*Ban single use plastic such as plastic grocery bags, plastic straws and stirrers, plastic cups and lids, plastic cutlery, foam food containers, and more.

*Increase demand for recycled plastic, which can also reduce the cost of collection.

I’d like to add containing litter. It astounds me to go hiking in a peaceful nature park and find plastic bottles and cups lying by the pathway or a stream, even when trashcans are available along the way. If one loves nature, why sully it? I can’t imagine anyone throws waste on their living room floor.

Enough preaching. I need to take heart from organizations like the Ocean Conservancy.

Are Malthus’s Dire Predictions About Human Civilization Coming True?


Will this become the human condition?

I don’t know if the 18th century Malthus is still mentioned in schools as someone who theorized that an increased food supply encouraged population growth and predicted the forces behind population increase were larger than those behind increases in food production. Of course, the conclusion is that humans are unsustainable on Earth.

Humans, indeed, are the ultimate consumers of Earth’s resources. We not only consume food—overfishing our oceans—we consume clean water, clean air, and energy.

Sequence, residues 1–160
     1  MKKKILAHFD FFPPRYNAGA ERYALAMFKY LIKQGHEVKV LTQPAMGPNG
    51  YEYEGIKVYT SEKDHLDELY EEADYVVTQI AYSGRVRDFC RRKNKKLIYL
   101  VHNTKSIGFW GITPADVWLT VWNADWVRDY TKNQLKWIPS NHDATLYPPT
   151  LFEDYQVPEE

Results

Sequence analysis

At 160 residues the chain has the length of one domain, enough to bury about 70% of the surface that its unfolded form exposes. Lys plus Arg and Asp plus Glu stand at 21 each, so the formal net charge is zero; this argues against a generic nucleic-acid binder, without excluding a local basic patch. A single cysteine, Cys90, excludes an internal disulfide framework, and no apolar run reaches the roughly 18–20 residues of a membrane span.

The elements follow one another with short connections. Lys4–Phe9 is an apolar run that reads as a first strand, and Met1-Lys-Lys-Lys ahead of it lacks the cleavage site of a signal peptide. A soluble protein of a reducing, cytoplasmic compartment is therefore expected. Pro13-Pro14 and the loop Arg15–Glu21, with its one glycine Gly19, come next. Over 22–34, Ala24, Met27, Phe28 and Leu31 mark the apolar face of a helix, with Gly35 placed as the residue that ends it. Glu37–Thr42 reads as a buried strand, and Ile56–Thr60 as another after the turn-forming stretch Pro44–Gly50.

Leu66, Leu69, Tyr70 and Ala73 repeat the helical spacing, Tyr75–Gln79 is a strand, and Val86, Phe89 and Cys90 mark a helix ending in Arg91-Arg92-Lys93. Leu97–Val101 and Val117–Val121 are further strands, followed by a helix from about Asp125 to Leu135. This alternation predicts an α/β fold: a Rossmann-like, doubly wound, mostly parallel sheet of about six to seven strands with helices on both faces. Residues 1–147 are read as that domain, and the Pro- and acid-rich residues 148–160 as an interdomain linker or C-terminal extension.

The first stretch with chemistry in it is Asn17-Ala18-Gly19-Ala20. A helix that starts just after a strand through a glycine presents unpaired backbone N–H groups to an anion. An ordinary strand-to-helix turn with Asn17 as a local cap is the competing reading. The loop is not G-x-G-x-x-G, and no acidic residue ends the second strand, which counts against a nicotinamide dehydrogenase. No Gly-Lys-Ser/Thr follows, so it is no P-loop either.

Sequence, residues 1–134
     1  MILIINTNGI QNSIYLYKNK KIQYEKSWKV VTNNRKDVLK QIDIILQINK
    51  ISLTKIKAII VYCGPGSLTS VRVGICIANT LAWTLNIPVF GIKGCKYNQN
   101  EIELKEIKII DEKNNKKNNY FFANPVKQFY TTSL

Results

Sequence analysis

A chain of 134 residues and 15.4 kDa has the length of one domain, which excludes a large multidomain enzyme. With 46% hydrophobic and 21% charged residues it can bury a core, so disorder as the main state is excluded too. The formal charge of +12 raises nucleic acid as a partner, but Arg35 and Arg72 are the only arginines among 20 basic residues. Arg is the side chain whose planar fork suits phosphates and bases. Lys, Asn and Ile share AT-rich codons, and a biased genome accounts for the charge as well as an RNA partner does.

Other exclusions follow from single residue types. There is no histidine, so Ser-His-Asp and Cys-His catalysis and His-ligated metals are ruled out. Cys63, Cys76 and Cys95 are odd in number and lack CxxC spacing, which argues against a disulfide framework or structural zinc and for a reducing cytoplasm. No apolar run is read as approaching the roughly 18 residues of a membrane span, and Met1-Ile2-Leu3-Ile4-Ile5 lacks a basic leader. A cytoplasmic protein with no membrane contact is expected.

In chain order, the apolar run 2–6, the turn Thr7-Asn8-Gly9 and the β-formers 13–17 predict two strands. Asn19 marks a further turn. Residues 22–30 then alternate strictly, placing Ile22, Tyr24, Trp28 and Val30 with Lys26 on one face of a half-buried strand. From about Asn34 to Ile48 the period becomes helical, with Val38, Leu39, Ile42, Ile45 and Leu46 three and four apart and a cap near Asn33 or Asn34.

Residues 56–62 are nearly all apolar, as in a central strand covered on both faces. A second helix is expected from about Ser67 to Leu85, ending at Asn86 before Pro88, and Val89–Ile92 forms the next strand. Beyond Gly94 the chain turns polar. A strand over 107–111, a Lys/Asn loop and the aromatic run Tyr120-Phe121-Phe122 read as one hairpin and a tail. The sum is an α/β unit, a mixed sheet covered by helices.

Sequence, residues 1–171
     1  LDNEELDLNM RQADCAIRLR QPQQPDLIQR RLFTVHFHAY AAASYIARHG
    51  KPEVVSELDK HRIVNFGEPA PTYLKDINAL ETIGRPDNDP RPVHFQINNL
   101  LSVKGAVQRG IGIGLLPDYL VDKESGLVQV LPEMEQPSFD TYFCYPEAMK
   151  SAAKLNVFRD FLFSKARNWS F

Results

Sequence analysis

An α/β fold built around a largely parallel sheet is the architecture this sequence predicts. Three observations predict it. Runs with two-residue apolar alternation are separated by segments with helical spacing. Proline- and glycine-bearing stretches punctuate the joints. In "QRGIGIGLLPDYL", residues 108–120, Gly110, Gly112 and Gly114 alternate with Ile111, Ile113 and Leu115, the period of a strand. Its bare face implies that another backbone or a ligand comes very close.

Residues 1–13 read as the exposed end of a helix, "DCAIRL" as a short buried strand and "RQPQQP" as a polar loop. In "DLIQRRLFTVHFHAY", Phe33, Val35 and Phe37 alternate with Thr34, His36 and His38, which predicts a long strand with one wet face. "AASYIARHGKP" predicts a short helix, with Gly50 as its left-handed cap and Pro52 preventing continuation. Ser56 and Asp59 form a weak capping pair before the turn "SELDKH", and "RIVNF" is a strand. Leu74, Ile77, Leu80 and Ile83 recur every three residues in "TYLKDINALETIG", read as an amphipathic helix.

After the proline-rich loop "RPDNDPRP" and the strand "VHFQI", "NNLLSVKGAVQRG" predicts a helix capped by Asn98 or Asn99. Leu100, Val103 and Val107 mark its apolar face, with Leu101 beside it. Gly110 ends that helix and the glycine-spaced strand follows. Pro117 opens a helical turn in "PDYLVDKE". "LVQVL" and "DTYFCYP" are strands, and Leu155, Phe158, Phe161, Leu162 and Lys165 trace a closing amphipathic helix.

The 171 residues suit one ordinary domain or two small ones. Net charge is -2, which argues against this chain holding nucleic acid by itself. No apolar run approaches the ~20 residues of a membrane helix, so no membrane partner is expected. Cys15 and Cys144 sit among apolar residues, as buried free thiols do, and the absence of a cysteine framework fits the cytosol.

Consider the Ogallala aquifer in the Midwest. If spread across the U.S. the aquifer would cover all 50 states with 1.5 feet of water

  • If drained, it would take more than 6,000 years to refill naturally
  • More than 90 percent of the water pumped is used to irrigate crops
  • $20 billion a year in food and fiber depend on the aquifer

Yet, one Kansas study estimates the aquifer will run dry in 50 years.

Fossil fuel supplies are limited, and their production consumes clean air and  water.

In short we are consuming Earth’s resources, and population growth contributes to the depletion.

It is not only about survival, it is about life as we know it. Imagine life without furnaces, air conditioning, convenient transportation,  and all of our de-vices for communication and entertainment.

My point is not to spread doom and gloom, but to increase our supply of awareness. I believe that proper long-term planning and science can not only help us survive, but maintain and even improve our health and lifestyle. It is science that has created fruits and vegetables with longer shelf lives and more essential nutrients, is experimenting with creating meat in laboratories, and more.